After two days of light-air racing, winter winds of 14 to 18 knots descended on the 261-boat fleet competing at GMC Yukon Yachting Key West Race Week, bringing the kind of classic Key West conditions that this regatta is famous for.
“It was the best day the fleet has seen down here in a few years,” said Mumm 30 skipper Nelson Stephenson, with enough wind to wind up the level of intensity as this series nears its conclusion.
Some crews who proved strong in the light winds that blew earlier this week took dives today in the heavier conditions; but two boats have sailed well enough in a wide range of conditions that they have mathematically clinched their class wins before Friday’s final race. Irvine Laidlaw’s Highland Fling from the Isle of Man and Jeff Sampson’s Rugger both know they will be packing trophies when they depart home this weekend.
Ennio Staffini’s Farr 40 custom, Uarshek, racing in PHRF-1, was only one of many boats who revelled in today’s solid breeze. “We like to sail in the stronger breezes. The crew has a lot more fun, and the boat needs it to get rolling,” explains tactician Drew Donald. “Monday was breezy and it went well,” he continues, referring to a day that saw the team post a 2-2. “In the light stuff Tuesday and Wednesday, it wasn’t so nice and we felt lucky to escape from those days with a 3-7-5. Today, it was back in the breeze and we’re feeling pretty good going into Friday.”
Up until today, the CM 60s in IMS have been accumulating the silver, with Highland Fling taking three first-place finishes and Isam Kabbani’s Rima taking two. For Geoff Ewenson, in the afterguard of Farr 43 PAX NZL, these big boats get quickly in front and take command of the tactical situation up the first half of the opening windward leg. But today, wins in IMS were more evenly distributed. George David’s crew on Idler and Bache Renshaw’s Virago each won a race. More than class wins ride on tomorrow’s final race: the winner of the Yachting Magazine Trophy will go to the boat of the most competitive class, a determination based on a formula that factors points and time differentials for the week. The trophy will be presented Friday, at the conclusion of racing.
Today, the crew that captured Boat of the Day on Yachting Magazine Day was Robert Hughes’ Great Lakes One Design 35 Heartbreaker. This class has been in close contention all week, with six different boats winning the seven races held to date. Hughes took a 1-2 today to overturn the lead of John Wylie’s Tabasco, who now stands in second place, five points behind Hughes.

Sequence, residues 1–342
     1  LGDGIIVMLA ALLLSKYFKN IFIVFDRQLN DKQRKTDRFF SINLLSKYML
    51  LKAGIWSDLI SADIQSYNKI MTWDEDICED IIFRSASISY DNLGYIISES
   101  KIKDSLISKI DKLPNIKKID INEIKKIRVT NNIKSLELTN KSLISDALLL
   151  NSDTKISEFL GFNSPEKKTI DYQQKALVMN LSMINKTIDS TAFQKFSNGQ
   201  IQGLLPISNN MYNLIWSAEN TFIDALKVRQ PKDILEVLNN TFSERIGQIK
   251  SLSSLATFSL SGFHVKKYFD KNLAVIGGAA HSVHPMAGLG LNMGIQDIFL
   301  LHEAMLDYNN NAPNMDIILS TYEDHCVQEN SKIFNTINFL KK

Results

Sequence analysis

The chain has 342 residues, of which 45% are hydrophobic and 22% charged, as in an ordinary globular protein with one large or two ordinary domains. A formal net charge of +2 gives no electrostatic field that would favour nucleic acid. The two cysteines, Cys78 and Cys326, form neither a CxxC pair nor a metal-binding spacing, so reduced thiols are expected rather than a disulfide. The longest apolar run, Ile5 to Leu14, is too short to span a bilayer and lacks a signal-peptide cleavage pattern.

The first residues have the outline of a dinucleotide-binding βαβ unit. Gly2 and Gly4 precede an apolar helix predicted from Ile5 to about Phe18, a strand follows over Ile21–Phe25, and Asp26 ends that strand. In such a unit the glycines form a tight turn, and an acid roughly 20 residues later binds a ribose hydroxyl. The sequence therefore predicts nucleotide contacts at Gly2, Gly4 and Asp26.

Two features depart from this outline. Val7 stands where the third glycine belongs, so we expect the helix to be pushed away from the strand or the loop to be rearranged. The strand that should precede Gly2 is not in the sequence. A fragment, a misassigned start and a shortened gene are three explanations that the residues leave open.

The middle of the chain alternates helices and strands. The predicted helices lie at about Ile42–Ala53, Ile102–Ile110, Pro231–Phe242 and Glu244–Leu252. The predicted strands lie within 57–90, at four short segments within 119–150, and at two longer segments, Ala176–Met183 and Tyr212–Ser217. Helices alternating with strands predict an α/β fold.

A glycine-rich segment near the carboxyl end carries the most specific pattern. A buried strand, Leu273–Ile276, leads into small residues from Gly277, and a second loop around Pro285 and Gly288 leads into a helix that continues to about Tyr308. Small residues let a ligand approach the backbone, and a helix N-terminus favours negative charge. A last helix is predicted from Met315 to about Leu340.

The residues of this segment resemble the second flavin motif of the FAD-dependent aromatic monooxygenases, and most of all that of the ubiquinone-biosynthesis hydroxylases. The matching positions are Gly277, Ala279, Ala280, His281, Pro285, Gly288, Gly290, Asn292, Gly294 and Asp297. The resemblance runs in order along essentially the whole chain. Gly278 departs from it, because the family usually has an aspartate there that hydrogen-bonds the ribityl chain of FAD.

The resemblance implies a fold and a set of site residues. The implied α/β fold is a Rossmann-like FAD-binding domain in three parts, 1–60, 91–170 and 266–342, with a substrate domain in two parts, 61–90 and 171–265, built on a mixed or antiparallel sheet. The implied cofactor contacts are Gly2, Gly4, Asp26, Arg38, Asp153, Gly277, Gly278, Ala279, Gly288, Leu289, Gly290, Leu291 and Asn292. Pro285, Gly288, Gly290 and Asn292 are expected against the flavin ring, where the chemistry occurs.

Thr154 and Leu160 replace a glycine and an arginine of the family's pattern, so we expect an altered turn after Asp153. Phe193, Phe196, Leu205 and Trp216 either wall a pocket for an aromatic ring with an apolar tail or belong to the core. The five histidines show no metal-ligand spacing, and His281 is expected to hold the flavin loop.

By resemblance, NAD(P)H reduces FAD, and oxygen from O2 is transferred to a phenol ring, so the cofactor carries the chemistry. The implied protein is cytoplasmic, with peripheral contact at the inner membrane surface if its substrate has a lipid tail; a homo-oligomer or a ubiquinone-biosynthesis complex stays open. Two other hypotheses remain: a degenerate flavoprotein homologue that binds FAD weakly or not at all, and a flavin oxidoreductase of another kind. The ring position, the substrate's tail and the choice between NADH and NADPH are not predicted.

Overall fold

The 26 Mumm 30s are also doing a good job of mixing it up on the race course. Not one boat has been able to stay in the top 10 in every race: even class leader Jean Pierre Dick and the French crew on Ville de Saint Raphael carry a 14th in their score to lead with 32 points after seven races. Annapolis boat Turbo Duck, owned by Bodo von der Wense, added to the suspense today, falling from their class lead with finishes of 11 and 15 today.
With frequent changes among their frontrunners, the Mumm 30 point scores do not create a neat and predictable storyline as this class enters its final day of racing. But on the water today, this class’ ranks looked neat and uniform – and Division III race officer Ken Legler was there to witness a memorable sight: Mumm 30s at the start of Race 7 were a live ballet, with bows lined up in perfect succession at the gun. “It was a mental photograph I will not soon forget,” said Legler.
CLASS A – IMS (9 Boats)
1. Highland Fling (Isle of Man, England) 2-1-1-1-2-2-6 — 15
2. Rima (Newport, RI) 1-5-3-7-1-5-4 – 26
3. Scream (Annapolis, MD) 3-4-2-4-4-8-7 –32
CLASS B – PHRF 1 (10 Boats)
1. Chessie Racing (Gibson Island, MD) 4-1-1-1-1-3-3 – 14
2. Fatal Attraction (Norfolk, VA) 1-4- Highland Fling dominates the big boats; results table turned upside down in other classes